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Topnews, Statements

29. January 2018

STATEMENT BY AMBASSADOR TEBOGO SEOKOLO, PERMANENT REPRESENTATIVE OF THE REPUBLIC OF SOUTH AFRICA, 55TH SESSION OF THE SCIENTIFIC AND TECHNICAL SUB-COMMITTEE, UNITED NATIONS COMMITTEE ON THE PEACEFUL USES OF OUTER SPACE (COPUOS), 29 JANUARY 2018, VIENNA, AUSTRIA

AGENDA ITEM 4: GENERAL EXCHANGE OF VIEWS (GEV)

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Madam Chair,

South Africa is pleased with your election as Chair of this august gathering and is grateful to the African Group for the nomination. We also want to thank all UNCOPUOS Members for entrusting my country with this responsibility. 

My delegation also wishes to express our sincerest appreciation to Ms Simonetta Di Pippo, Director for the Office on Outer Space Affairs and of course to the Secretariat for their dedicated work, in preparing for and servicing this 55th Session of the STSC.

South Africa would also like to align itself with the African Group statement delivered by the Ambassador of Egypt.

South Africa would also like to welcome Bahrain, Denmark and Norway as new UNCOPUOS member states, as well as other organisations and observers that have come on board since we last met in January 2017. We also note and welcome with pride, the request for permanent membership from Mauritius from our continent.

Madam Chair,

International cooperation is the cornerstone of South Africa’s Space programme. In this regard, South Africa would like to underscore the importance of the African Space Policy and Strategy, which was adopted in Addis Ababa on 31 January 2016. This policy and strategy has become one of the flagship programmes of the African Union Agenda 2063 and is raising awareness on the central role of Space science and technology in Africa’s socio-economic development and calls for member states to mobilise domestic resources for the implementation of this policy and strategy. South Africa looks forward to working with our Continental partners, both multilaterally and bilaterally, towards the achievement of this objective.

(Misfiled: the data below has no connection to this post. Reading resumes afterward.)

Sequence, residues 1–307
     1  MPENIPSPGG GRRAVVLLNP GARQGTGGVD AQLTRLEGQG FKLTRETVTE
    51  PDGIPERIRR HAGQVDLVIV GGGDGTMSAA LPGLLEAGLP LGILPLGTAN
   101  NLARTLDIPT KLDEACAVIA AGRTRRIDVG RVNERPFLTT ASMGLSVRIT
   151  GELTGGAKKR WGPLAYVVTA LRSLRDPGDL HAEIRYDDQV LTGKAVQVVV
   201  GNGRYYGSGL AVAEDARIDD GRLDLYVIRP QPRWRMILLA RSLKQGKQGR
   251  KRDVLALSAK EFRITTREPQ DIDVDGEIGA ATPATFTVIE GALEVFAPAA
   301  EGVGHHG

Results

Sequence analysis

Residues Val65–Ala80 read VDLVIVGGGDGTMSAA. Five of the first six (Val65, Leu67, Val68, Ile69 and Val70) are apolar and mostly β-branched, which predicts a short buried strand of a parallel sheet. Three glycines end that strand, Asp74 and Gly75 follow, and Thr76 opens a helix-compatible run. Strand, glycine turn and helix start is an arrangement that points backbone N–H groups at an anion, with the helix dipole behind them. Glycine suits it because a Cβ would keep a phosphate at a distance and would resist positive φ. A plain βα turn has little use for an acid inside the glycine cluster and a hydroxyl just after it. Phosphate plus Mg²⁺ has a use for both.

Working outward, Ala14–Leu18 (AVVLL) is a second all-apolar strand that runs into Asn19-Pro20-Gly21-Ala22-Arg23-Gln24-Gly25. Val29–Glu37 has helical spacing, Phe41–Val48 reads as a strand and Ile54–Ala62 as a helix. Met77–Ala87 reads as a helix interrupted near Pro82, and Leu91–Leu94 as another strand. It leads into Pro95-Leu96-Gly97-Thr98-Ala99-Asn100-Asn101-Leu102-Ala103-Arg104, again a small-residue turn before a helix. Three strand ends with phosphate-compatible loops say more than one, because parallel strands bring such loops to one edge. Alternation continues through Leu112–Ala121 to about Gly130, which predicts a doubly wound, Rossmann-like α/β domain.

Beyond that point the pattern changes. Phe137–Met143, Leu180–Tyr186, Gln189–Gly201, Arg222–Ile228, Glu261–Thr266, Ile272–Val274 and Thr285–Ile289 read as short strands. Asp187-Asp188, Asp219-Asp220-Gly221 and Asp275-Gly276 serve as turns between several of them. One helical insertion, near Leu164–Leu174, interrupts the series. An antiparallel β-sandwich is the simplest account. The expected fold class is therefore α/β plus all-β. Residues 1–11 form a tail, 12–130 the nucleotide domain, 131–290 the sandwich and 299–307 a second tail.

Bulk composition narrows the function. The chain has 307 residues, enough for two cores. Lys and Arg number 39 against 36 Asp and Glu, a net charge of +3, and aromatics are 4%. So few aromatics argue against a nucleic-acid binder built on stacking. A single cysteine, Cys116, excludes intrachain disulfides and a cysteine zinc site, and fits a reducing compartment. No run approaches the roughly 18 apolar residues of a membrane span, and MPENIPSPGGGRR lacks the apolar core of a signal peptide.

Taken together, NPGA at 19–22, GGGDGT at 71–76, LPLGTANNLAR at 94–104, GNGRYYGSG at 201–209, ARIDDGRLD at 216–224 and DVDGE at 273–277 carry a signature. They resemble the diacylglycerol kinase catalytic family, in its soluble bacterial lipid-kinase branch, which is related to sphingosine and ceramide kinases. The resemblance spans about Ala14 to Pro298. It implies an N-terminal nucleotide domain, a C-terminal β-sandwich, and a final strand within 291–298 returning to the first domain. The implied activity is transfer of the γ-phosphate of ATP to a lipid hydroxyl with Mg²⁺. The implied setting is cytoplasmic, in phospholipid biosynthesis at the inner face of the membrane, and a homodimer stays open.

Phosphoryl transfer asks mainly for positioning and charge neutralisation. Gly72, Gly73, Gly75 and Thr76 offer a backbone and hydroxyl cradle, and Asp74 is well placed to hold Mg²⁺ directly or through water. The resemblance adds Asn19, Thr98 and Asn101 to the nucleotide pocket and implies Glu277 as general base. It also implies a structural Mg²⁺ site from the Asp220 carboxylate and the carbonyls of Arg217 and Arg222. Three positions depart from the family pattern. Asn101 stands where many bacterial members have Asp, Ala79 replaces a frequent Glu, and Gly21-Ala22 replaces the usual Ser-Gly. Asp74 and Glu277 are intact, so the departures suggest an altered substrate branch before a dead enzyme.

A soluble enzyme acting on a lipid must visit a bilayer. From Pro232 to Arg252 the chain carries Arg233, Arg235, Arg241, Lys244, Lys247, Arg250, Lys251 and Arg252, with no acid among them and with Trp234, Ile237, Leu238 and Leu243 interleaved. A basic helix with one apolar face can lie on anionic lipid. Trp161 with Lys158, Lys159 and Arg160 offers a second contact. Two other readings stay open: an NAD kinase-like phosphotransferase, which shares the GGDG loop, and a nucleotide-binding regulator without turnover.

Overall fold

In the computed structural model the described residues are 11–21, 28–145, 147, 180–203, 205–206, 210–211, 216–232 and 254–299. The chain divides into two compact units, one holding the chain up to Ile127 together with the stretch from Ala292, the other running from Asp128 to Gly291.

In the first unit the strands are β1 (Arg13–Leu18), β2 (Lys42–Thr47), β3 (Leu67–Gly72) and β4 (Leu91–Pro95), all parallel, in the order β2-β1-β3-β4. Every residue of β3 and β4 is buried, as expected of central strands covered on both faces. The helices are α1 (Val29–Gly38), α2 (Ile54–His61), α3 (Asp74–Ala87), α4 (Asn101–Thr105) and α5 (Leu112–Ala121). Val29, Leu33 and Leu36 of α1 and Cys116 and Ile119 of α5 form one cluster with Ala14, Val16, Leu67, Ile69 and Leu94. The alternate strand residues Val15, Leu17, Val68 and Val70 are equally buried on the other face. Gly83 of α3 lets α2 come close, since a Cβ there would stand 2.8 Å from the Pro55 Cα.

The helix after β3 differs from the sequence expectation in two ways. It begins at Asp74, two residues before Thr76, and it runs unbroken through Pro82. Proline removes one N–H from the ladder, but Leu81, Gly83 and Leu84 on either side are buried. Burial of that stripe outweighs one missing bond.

In our efforts to strengthen human capital in the continent, the South African government has made significant progress in negotiating the Pan African University on Space Sciences (PAUSSI) Host Country Agreement with the African Union (AU). It is anticipated that the Host Country Agreement will be signed in 2018 with the first student intake scheduled for 2019.

On 27 September 2017, on the margins of the 68th International Astronautics Conference (IAC) that took place in Australia, SANSA and the Deutsches Zentrum fur Luft-und Raumfahrt (DLR) signed a Memorandum of Understanding (MoU). Under the first MoU a number of successful initiatives have been implemented, which include the launch and hosting of an optical Space laboratory in Sutherland, Western Cape, that will track Space debris up to the geostationary orbit. In addition, an international Space Weather Camp was initiated involving eight students each from South Africa, Germany and the United States.

Madam Chair

South Africa would like to report that substantial progress has been made towards the establishment of the BRICS Remote Sensing Satellite Constellation Initiative. This Initiative will assist in the sustainable development of a BRICS economy and society and inject new vitality into the strategic partnership among BRICS States. It is anticipated that a Draft Agreement will be signed later this year. There is a consensus that the BRICS Remote Sensing Satellite Virtual Constellation is a practical step towards high-tech cooperation between these countries that will assist in attaining the sustainable development goals and challenges pertaining to our respective economies and societies.

Madam Chair

We are pleased to note progress that has been made towards the development of a set of voluntary, non-binding Guidelines to promote safety, sustainability and security of activities in Outer Space. South Africa also firmly believes that the multilateral approach, within the United Nations system, to develop these Guidelines is the only way forward. South Africa remains committed to the view that it is imperative that the Guidelines being developed by this Working Group, be further developed and finalized to promote the safety, sustainability and security of activities in Outer Space, in the interests of all nations. With this in mind, South Africa calls on all countries to actively and positively participate towards the ultimate agreement and finalization of the Guidelines document during this session. Further interventions will be made under the relevant Agenda item.